Citation: Kataoka H, Sawada Y, Namizaki T, Shimozato N, Yoshiji H and Ueno S (2017) Intrajejunal Infusion of Levodopa-Carbidopa Gel Can Continuously Reduce the Severity of Dropped Head in Parkinson’s Disease. Front. Neurol. 8:547. doi: 10.3389/fneur.2017.00547
Received: 16 February 2017; Accepted: 27 September 2017;
Published: 16 October 2017
Edited by:Oscar Arias-Carrión, Hospital General Dr. Manuel Gea Gonzalez, Mexico
Reviewed by:Gennaro Pagano, King’s College London, United Kingdom
José M. Salas-Pacheco, Universidad Juárez del Estado de Durango, Mexico
Copyright: © 2017 Kataoka, Sawada, Namizaki, Shimozato, Yoshiji and Ueno. This is an open-access article distributed under the terms of the Creative Commons Attribution License (CC BY). The use, distribution or reproduction in other forums is permitted, provided the original author(s) or licensor are credited and that the original publication in this journal is cited, in accordance with accepted academic practice. No use, distribution or reproduction is permitted which does not comply with these terms.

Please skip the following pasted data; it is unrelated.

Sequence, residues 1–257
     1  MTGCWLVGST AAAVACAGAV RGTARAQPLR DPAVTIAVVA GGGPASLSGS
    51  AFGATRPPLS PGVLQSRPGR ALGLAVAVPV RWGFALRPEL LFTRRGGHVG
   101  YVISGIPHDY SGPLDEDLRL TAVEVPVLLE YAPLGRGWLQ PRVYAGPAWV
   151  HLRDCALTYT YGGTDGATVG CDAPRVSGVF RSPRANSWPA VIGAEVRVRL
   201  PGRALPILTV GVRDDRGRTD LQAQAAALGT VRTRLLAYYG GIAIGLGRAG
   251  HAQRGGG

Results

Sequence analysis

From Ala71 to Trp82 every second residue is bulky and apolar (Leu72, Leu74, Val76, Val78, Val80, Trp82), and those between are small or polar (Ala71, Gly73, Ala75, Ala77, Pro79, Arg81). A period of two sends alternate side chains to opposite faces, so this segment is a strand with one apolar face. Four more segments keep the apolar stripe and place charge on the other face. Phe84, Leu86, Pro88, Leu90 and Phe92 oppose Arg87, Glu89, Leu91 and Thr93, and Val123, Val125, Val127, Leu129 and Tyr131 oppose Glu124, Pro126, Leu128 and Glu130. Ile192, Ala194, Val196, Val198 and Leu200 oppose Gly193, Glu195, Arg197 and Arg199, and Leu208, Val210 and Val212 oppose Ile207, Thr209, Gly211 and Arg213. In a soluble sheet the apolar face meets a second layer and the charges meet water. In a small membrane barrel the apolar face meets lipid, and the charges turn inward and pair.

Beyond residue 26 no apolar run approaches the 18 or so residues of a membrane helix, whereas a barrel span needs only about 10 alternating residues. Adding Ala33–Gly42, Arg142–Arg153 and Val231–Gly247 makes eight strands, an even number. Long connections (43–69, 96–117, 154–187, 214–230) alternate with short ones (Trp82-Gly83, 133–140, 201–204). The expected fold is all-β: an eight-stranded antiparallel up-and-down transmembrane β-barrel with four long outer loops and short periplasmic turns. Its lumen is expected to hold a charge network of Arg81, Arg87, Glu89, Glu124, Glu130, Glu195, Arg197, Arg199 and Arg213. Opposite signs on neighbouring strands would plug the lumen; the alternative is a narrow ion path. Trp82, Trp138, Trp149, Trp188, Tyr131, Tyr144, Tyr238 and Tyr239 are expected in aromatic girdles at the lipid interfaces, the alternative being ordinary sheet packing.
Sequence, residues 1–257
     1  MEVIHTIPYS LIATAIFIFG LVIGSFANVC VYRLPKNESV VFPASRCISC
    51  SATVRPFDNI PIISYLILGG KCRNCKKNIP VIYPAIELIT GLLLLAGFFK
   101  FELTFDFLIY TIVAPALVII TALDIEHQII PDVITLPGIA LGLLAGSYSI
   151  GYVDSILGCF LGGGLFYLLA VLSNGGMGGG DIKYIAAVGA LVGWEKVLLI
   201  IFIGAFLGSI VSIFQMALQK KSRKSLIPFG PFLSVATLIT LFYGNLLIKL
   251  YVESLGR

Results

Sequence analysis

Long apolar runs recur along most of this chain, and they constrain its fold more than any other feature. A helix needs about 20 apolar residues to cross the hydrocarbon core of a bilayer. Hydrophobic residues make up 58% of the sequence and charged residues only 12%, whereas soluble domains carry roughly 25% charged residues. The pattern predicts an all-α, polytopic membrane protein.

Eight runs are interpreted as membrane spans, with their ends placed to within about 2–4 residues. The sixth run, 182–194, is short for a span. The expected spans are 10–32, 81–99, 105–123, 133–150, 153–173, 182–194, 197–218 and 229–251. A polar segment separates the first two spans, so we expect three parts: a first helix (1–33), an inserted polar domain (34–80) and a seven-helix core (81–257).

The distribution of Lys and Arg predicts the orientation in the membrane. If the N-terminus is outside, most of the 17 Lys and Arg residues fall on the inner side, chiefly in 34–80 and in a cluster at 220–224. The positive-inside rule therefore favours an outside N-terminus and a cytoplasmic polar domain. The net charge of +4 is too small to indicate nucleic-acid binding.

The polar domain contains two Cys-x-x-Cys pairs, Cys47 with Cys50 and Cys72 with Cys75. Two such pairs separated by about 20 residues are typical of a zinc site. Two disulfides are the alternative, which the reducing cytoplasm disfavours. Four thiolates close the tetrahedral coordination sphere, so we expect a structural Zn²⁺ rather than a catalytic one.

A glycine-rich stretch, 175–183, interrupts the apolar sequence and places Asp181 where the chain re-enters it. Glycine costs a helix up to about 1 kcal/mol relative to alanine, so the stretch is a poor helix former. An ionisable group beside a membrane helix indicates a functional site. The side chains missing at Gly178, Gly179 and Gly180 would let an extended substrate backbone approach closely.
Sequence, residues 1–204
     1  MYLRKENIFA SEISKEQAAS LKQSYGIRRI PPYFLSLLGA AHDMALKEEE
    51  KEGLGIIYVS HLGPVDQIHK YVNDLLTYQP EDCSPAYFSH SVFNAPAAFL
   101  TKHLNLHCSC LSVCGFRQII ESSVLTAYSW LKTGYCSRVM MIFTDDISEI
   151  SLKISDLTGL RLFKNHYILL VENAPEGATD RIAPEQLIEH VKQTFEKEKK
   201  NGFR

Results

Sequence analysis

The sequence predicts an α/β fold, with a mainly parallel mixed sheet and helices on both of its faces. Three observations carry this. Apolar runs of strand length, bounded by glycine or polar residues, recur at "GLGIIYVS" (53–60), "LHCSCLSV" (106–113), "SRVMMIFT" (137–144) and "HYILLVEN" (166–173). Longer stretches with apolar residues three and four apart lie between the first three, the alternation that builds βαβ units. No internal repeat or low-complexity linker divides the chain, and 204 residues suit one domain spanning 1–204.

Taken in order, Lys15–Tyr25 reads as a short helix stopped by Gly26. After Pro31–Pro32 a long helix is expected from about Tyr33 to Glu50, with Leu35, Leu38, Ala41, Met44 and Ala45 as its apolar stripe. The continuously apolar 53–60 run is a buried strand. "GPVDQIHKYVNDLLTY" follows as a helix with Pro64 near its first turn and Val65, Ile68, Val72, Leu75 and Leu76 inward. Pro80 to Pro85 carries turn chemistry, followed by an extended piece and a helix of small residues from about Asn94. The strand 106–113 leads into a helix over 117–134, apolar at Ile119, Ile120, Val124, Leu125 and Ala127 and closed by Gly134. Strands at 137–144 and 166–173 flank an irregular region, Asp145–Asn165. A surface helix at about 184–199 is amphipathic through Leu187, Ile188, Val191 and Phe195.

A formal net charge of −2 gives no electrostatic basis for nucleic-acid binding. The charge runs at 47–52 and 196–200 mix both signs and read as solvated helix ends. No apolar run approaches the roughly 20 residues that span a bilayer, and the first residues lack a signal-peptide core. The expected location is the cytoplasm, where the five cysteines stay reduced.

*Correspondence: Hiroshi Kataoka, firstname.lastname@example.org